It may likewise be well to remark that a discussion of this sort has no immediate bearing on the subject of Christianity. It has been supposed by some persons that Mr. Buckle's entire argument is nothing but a sinister attack upon the Christian religion. We see nothing of the kind in it. Christianity is a system of belief, in which intellectual and moral forces must both coöperace; and a person, while denying the civilizing agency of the moral element, may with perfect consistency maintain the civilizing agency of that set of opinions, in the formation of which the moral element has had but a partial share. Our author's argument, therefore, is not to be construed into an assault upon Christianity. Confusion necessarily results from mixing questions which should be kept separate.
• See the whole of his admirable work on The Emotions and the Will. VOL. III.NO. VII.
We come now to Mr. Buckle's third* law—that skepticism “has in every department of thought been the invariable preliminary to all the intellectual revolutions through which the human mind has passed," and that “without it there could be no progress, no change, no civilization.”+ In examining this proposition, it is needful, at the outset, to have a clear idea of the nature of skepticism, as understood by Mr. Buckle. The word itself has been variously interpreted : sometimes in a more general sense, as meaning the absolute denial of all dogmas, theories, and beliefs whatever; sometimes in a more special sense, as signifying disbelief in the peculiar doctrines of Christianity. It is in neither of these senses that Mr. Buckle uses the word. He defines skepticism as suspension of judgment, or hesitation in forming or receiving an opinion. A true skeptic, then, would neither believe nor disbelieve any thing at all. He would doubt even bis own doubts. History presents but few instances of a consistent and thorough-going skeptic. Pyrrho and Hume will, however, serve sufficiently well as examples. Skepticism is not to be confounded with that philosophy which, not content with doubting, absolutely denies. This might be called negative ♡ philosophy, or negativism, in broad distinction from positive || philosophy, which aims at establishing from incontrovertible data a system of results, comprising all that it is in the power of the human mind to know. Negativism and positivism, then, constitute two opposite phases of human thought. As examples of negative thinkers, we have Hobbes, Voltaire, Lessing, and Rousseau ; while as instances of positive thinkers we may cite Bacon, Leibnitz, Newton, and Spencer. Skepticism is identical with neither of these philosophies, though it has some point in common with both. Skepticism, indeed, is not a philosophy at all; it is a no-philosophy—a transition state where, robbed of its belief, the mind rests not, but stays unresting, in dreary incertitude and distressful vacillation, until it finds refuge in belief again.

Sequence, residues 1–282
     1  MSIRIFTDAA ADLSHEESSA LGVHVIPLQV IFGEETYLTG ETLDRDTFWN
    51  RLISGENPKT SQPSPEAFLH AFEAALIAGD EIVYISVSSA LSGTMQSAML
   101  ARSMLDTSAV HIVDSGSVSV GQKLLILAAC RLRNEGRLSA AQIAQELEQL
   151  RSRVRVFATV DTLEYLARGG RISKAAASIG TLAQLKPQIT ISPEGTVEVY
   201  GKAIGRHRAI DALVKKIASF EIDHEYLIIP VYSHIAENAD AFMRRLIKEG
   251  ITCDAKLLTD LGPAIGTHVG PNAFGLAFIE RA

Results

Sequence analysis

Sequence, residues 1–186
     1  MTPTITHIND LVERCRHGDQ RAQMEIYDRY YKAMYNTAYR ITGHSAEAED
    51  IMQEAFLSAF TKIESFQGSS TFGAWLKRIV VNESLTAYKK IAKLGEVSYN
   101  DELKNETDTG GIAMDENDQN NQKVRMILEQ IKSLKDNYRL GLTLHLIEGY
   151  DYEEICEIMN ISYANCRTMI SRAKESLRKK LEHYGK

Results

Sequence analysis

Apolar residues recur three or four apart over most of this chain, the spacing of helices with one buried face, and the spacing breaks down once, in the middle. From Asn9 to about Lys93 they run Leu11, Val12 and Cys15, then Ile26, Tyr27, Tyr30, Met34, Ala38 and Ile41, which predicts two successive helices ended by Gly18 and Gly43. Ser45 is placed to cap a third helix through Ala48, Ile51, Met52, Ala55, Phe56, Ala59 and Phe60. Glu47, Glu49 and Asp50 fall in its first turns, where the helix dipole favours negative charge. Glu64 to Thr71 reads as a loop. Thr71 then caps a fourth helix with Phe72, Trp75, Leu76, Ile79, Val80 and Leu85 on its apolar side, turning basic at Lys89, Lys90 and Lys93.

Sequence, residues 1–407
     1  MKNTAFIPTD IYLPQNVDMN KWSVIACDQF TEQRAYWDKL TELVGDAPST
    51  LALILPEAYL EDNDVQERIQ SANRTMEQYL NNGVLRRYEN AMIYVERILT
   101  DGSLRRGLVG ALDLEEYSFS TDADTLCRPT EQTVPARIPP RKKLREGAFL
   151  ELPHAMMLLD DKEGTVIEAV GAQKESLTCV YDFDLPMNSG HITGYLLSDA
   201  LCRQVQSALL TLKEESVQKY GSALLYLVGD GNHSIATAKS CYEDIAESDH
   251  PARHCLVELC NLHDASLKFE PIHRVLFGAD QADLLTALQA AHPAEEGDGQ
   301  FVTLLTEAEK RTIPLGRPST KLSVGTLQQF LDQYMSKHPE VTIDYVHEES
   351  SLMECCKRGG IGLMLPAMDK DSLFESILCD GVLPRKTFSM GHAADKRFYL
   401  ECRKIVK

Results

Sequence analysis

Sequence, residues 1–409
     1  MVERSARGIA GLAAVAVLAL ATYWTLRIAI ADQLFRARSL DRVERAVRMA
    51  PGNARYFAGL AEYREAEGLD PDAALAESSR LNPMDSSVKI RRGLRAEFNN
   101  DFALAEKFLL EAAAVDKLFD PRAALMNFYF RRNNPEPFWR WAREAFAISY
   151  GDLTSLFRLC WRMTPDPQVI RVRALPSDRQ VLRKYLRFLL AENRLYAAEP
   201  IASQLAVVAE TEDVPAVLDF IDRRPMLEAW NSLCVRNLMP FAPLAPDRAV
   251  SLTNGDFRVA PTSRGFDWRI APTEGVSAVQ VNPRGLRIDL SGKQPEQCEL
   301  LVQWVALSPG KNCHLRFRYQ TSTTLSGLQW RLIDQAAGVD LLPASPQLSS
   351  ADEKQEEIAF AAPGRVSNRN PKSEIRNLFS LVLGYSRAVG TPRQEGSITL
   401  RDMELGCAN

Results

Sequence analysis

Bearing in mind this meaning of the word, we can safely proceed to examine the proposition before us. We do not
. On the first page of his second volume, Mr. Buckle places this law second in order, and the law just considered third. But as it is convenient to examine this law in connection with the fourth, we have taken the liberty to alter Mr. Buckle's arrangement. † Vol. I., page 328.
6nent ouæi, to look about, to inquire. § Negare, to deny. || Ponere, to posit or affirm.
think it altogether probable that Mr. Buckle would, on mature reflection, lay down this law about skepticism as a universal one, operative alike in all stages of progress; but, as he makes no limitations to it in the course of his work, we must discuss it here in relation to the three stages of mental evolution, and see whether or not it is alike applicable to all.
We shall find, to begin with, that it is not applicable to the theological state. When man first looked upon the wonders of Nature, his untaught imagination gave birth to weird, fantastic shapes innumerable, peopling the air, the streams, the forest, and the mountain-chasm. Just awakened, as it were, to self-consciousness, and feeling his own life thrilling within him, he, ascribed that life to everything around him. He looked upon the wide, dark surface of the "many-sounding sea," and saw there a mighty, restless,
” earth-upheaving Power, which refinement afterwards personified, and called Poseidon. Gazing above him on the blue expanse which seemed to encompass the “plain of the earth,” he came to recognize there a Divinity of light and warmth, a Devas, a paternal Zeus. When the bright clouds flitted along the sky, it was Hermés driving the celestial cattle to the milking; when the north-wind arose, cold and blustering, it was Boreas, storming in his wrath ; when the stars came out at night, there were countless deities, to whom this primitive man made sacred the days of the week. The changes of the seasons, the ceaselessly recurring death and resurrection of Nature, were typified in wild legends of Jemsheed and Zohâk, of Osiris and Thammuz, of Siamek and Maneros, of Hylas and Orpheus. The whole universe was thinking, feeling, and willing. Nothing was dead or inert; all things were endowed with life and activity. From this came sacrifices, shrines and temples, oracles, and sacerdotal orders. It would be difficult to find any traces of skepticism in all this. Belief then reigned alone in the human mind, and doubt found no place there. As long as the phenomenal was as yet harder to comprehend and more difficult to control than the unseen and unexplored world that lay beyond it, skepticism was impossible. Not only was it impossible, but it would have been harmful. For the primitive man was barbarous, treacherous, revengeful.* His selfish instincts were as yet
* Spencer's Social Statics, pp. 409-413.